Home » News » General » Lawyers want stake in law making

Lawyers want stake in law making

Publishing Date : 17 February, 2020


Chairman of the Law Society of Botswana (LSB), Diba Diba has announced at the opening of the legal year, that the Society has made a decision to play an active role to engage in bills of Parliament before they are made into law. Diba later told WeekendPost that as a lawyers they have realised that they have not been actively involved in advising Parliament in law making.

He further explained that this is a pivotal role that should have been long practiced by lawyers. “Instead of being reactive to laws passed we need to make sure we are involved in the later stage of such developments. Bills passed in Parliament are usually advertised in the Botswana Gazette and we have not been doing anything to contribute considering the nature of our profession,” Diba clarified. He further noted that a formal relationship with the Parliament of Botswana as lawyers will be something that will be considered and explored in the near future.

In last year’s 11th Parliament, 109 bills were passed and were to be endorsed into laws. A total of 312 questions were answered and over 100 questions were responded to because of time constraints and over 23 motions were debated.Amongst the bills the House passed were: the National Assembly Salaries and Allowances Amendment Bill, Transfer Duty Amendment Bill, Declaration of Assets and Liabilities Bill, Capital Transfer Tax Amendment Bill, Income Tax Amendment Bill, Botswana Teaching Professionals Bill.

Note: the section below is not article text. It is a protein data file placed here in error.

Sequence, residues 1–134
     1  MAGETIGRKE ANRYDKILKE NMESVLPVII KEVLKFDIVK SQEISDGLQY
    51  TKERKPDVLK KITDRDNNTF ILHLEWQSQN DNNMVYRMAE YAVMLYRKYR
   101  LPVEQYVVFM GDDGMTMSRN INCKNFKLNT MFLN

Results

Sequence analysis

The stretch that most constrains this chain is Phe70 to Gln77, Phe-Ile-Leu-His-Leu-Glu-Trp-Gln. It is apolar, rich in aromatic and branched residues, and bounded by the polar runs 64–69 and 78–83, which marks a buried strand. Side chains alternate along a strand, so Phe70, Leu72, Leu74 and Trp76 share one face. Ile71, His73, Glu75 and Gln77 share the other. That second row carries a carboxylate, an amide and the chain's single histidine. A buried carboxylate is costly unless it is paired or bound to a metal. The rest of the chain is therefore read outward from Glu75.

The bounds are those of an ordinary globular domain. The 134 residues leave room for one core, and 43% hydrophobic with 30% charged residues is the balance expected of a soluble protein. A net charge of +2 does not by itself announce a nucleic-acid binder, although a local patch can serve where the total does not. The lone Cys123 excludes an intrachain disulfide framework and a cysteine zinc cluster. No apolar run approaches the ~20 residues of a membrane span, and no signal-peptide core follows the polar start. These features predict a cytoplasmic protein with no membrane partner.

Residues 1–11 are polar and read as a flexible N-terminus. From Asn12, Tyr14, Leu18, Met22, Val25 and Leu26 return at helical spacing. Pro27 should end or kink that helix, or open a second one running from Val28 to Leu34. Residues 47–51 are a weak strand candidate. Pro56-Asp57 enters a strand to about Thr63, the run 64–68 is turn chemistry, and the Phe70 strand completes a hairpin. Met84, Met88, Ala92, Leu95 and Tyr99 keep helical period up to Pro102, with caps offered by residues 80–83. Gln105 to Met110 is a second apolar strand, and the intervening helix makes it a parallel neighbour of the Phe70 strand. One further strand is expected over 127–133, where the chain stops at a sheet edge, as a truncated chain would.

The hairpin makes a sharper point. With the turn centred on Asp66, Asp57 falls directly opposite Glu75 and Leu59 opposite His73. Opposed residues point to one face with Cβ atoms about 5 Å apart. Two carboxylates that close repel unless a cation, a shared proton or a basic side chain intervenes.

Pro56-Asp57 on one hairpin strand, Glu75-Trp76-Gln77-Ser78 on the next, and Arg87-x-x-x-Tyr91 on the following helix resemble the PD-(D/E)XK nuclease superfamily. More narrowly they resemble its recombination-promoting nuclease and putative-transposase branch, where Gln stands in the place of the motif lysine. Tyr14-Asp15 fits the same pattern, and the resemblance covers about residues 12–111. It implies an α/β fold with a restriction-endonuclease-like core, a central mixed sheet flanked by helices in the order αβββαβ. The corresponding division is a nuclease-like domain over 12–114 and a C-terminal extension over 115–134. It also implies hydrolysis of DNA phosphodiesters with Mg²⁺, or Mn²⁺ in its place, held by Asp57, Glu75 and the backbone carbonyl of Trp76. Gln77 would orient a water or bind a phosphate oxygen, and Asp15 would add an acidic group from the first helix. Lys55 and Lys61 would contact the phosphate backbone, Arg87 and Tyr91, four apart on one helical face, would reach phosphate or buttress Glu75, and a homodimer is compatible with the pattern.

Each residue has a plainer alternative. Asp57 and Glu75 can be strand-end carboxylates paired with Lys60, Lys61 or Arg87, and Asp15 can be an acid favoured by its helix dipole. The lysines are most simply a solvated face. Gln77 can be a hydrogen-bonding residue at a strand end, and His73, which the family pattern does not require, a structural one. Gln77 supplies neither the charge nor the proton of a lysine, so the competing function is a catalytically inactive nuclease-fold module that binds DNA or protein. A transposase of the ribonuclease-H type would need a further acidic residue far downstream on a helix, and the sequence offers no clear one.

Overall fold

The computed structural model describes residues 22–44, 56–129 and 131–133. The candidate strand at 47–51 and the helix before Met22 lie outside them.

Diba explained that the involvement of lawyers in the passing of laws will be a major development as this will help prevent unconstitutional laws being made. Currently the law of Parliament is in such a manner that only the sitting President is allowed to make the last call in passing the laws.


In his speech at the opening of the legal year, Diba further warned against some of the unscrupulous legal practitioners who overcharge members of the public even though they are not necessarily in the majority. He worried that the notoriety of a few bad apples will invariably get the most attention. “Overcharging may amount to serious professional misconduct (overreaching) and depending on the amount involved a legal practitioner may be disbarred if found guilty,” he said.

However, Chairman of the LSB assured that the new rules that are before Chief Justice will set out fees by legal practitioners. “The rules will also, we believe, remove the challenge of the repeated court attendances that currently prevail. These contribute significantly to the increase in the cost of litigation.”